And never, ever lease. Just think, if you’d have leased the jeep you’d have absolutely zero equity in it right now and wouldn’t even be able to consider trading it. And when the lease ran out, they’d come take your jeep and you’d have NOTHING! NADA. ZERO. ZIP. ZILTCH. They’d have all your money and you’d have NOTHING.

Leasing is a very bad idea for the average working man. .


#6

For years and years we got along with rear wheel drive and snow tires in the midwest. Yes FWD is an improvement and AWD even better, but you can still survive (and maybe keep a set of chains on hand). In the end though do what you want. You’re going to have to buy something sooner or later and the Liberty would not be my idea of a long term keeper. Not having a car payment for ten years just makes the shock of adding one that much worse.


#7

One of the bigger impacts is miles per year and miles allowed under the lease agreement.


#8

I’m with the majority. Keep the Jeep at least until next winter and put winter tires on it then. Save money in the meantime for your next car. Buy your next car instead of leasing.


#9

I’m gonna go against the grain here and recommend you start looking for a new vehicle now, just don’t commit to one yet. If you go in looking to buy a car that day, you’re likely to get pushed into buying something you might not want to deal with after the papers are signed.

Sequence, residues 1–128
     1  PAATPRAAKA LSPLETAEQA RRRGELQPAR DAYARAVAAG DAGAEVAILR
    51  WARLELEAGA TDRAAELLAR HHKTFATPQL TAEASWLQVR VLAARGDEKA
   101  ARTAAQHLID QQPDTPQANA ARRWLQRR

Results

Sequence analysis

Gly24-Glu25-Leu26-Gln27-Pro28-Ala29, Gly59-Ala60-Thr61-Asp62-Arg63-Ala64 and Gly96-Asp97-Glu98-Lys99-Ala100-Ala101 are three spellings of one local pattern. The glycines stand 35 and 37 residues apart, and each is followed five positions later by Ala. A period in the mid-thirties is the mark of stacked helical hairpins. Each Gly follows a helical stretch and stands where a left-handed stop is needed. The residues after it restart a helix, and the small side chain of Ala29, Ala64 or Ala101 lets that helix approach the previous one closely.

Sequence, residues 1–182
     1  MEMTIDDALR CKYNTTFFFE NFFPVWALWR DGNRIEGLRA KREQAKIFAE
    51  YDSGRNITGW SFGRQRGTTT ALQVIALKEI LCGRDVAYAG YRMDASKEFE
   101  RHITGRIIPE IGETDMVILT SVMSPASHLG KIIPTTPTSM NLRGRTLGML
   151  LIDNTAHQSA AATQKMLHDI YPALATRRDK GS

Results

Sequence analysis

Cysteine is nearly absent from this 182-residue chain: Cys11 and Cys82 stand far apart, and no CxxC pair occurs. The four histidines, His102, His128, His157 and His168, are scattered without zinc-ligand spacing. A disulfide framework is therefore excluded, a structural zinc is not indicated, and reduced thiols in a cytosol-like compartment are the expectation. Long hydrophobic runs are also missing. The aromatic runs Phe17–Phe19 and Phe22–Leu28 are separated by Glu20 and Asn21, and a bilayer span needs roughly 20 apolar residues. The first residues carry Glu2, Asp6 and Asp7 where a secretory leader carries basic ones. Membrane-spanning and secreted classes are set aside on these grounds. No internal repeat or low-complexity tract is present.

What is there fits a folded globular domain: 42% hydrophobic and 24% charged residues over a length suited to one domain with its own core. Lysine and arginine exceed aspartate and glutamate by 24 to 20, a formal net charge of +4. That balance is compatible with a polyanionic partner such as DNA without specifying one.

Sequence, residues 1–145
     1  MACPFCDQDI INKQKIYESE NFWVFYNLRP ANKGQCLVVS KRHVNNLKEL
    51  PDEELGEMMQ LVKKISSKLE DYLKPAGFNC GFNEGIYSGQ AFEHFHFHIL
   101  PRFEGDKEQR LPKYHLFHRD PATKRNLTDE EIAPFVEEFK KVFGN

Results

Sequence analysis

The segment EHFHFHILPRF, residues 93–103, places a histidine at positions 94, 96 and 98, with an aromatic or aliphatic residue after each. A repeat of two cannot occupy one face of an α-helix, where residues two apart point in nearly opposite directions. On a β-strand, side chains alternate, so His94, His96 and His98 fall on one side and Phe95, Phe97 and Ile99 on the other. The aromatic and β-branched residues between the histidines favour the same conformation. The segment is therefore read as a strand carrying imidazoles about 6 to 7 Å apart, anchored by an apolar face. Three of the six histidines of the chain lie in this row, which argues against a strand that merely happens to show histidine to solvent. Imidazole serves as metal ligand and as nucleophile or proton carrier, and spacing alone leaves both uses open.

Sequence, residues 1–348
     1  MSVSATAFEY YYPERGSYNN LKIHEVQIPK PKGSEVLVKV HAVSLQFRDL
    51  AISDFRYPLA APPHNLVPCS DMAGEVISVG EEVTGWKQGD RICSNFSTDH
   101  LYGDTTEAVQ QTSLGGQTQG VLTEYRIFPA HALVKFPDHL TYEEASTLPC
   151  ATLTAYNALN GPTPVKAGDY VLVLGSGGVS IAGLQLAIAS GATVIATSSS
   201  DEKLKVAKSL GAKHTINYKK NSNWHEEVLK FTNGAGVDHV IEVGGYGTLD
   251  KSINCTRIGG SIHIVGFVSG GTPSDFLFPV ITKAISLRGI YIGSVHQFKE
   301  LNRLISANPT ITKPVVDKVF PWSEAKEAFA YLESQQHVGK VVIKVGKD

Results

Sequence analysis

Liberties aren’t the best vehicles out there, and a 7 year old one isn’t something I’d recommend someone buy if they were in the market for a used vehicle.

Start looking, but, unless you can write off the payments, don’t lease anything.


#10

You just kept a car for seven years. Why would the word ‘‘lease’’ even be uttered ? Leases are only for those who have some strange reason to change vehicles every three years and have some odd desire to just keep on and on making never ending payments.

If your Liberty is in good condition, keep it. If it’s time for something else and you’ve every intention on keeping this one for eight or more years…buy again

TIRES are your key to winter driveability in every vehicle.
I grew up in Ohio 1955 - 1972 and dad never had , nor ever had need for, anything 4x4. Just the right tires and driving practices.

( I have an 06, 08 and…a…1979 )


#11

Is this even a serious question?


#12

Keep your Jeep. I survived for several years in Northern Maine and Alaska with RWD vehicles and winter tires. You can too.